You also see convergent evolution in the “design theme” of the villains of the different series. As mentioned above, “bizarre and grotesque” was in vogue at the time, and that starting point inspired villains like the Brain, Monsieur Mallah and Madame Rouge (the Brotherhood of Evil) just as easily as it did the Vulture, the Leader and the Mole Man. The Doom Patrol winds up with a smaller rogue’s gallery than the FF or Spider-Man (perhaps because Lee had the benefit of working with Kirby and Ditko, both legendary writers and creators as well as artists–not a slight against Doom Patrol artist Bruno Premiani, of course, whose design work on the Doom Patrol’s heroes and villains was elegant and timeless.) But Drake makes sure that the villains he does have are good story generators; General Immortus alone could fuel a series for years.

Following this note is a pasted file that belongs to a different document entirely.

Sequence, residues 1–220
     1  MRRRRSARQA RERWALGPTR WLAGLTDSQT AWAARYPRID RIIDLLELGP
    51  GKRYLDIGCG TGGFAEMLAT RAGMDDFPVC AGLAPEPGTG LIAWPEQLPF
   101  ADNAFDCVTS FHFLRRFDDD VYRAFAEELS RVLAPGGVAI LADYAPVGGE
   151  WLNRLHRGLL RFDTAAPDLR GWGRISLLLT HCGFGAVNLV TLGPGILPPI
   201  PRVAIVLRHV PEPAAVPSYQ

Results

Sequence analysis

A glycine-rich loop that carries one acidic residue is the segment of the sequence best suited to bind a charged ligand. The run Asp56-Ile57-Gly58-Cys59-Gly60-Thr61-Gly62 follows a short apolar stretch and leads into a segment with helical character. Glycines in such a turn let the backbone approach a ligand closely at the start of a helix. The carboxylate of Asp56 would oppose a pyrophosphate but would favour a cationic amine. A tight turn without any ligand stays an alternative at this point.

The Doom Patrol have always been something of a “cult” series, which seems slightly unfair given that just down the road, Marvel was making a comics empire based on very similar concepts. Perhaps they just never fit into the DC universe (which may be why they packed up and went off to Vertigo for a while.) But despite their cult status, they’ve endured–a strong storytelling engine tends to do that, you see. Because every writer starts as a reader, and when you pick up a series with a good storytelling engine, you can’t help but get ideas on what stories you would tell with those characters…sort of like how Paul Kupperberg and Grant Morrison did, years later, when they respectively revived and revitalized the Doom Patrol. Their unwilling heroes might have changed a bit as the culture changed, but the storytelling engine remained sound.